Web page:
That we can say “I thought I knew” reveals that saying “I know” is no guarantee of knowledge; it is only an assertion of certainty.
13. For it is not as though the proposition 'It is so’ could be inferred from someone else’s utterance: “I know it is so”. Nor from the utterance together with its not being a lie.—But can’t I infer “It is so” from my own utterance “I know etc.”? Yes; and also “There is a hand there” follows from the proposition “He knows that there’s a hand there”. But from his utterance “I know . . . “ it does not follow that he does know it.
14. That he does know takes some shewing.
15. It needs to be shewn that no mistake was possible. Giving the assurance 'I know’ doesn’t suffice. For it is after all only an assurance that I can’t be making a mistake, and it needs to be objectively established that I am not making a mistake about that.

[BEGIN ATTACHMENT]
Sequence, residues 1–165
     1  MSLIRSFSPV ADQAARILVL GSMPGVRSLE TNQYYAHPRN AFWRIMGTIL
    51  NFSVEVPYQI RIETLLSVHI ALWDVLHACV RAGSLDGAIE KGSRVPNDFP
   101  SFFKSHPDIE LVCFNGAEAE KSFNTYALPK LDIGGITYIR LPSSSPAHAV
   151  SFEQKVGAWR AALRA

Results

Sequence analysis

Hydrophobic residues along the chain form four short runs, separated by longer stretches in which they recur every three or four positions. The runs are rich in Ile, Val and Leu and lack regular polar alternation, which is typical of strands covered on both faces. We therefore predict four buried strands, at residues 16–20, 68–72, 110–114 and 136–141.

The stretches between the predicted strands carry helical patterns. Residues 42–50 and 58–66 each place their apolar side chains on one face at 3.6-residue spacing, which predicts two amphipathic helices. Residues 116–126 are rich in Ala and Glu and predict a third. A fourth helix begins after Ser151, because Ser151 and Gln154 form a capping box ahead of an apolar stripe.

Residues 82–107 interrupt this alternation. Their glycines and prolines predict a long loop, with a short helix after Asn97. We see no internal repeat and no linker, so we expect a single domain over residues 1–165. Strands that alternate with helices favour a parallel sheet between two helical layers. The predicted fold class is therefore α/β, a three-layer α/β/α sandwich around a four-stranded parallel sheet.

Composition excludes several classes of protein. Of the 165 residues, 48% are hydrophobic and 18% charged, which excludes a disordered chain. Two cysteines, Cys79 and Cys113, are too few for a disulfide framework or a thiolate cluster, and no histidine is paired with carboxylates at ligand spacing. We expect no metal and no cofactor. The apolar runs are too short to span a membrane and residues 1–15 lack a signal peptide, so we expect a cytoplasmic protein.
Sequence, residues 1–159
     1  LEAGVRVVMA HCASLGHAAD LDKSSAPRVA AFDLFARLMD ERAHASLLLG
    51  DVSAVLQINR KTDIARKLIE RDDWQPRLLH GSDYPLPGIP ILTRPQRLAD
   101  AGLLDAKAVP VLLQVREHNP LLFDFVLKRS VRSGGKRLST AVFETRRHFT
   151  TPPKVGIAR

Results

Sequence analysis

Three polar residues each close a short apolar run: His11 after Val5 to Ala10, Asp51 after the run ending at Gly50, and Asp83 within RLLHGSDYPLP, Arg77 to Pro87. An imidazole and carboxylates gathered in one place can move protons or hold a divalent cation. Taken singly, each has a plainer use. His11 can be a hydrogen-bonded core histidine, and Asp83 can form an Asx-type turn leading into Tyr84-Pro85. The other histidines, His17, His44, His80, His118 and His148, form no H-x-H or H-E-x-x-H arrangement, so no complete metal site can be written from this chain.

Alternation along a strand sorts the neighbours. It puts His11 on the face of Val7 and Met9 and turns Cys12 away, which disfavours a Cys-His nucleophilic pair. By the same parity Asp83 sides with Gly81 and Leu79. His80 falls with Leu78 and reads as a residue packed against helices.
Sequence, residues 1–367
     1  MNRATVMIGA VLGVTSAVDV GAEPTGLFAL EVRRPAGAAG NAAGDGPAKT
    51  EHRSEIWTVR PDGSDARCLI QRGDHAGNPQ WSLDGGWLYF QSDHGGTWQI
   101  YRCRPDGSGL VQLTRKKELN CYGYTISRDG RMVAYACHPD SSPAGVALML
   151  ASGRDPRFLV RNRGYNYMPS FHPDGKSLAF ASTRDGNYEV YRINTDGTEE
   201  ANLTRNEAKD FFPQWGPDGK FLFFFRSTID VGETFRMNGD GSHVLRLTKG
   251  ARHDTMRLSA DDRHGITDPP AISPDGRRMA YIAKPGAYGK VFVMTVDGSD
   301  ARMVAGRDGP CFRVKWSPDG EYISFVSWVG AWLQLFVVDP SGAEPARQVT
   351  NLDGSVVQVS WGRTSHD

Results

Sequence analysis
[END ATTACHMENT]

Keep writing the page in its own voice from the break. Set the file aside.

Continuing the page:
Saying you know it don’t make it so. If it is to count as knowledge, in the stronger sense in which Moore means it, it must be demonstrated or proved for others, because knowledge is different from a state of certainty, i.e., it is objective.
This again is emphasizing that Moore’s answer to the sceptic is mistaken or wrong-headed, and falls at the first hurdle.
16. “If I know something, then I also know that I know it , etc.” amounts to: “I know that” means “I am incapable of being wrong about that”. But whether I am so needs to be established objectively.
“I know that…” means “I cannot be mistaken in saying that…” and saying “I know that I know that” therefore means “I cannot be mistaken that I cannot be mistaken that…” This is not something that is guaranteed by the act of saying so.
17. Suppose now I say “I’m incapable of being wrong about this: that is a book” while I point to an object. What would a mistake here be like? And have I any clear idea of it?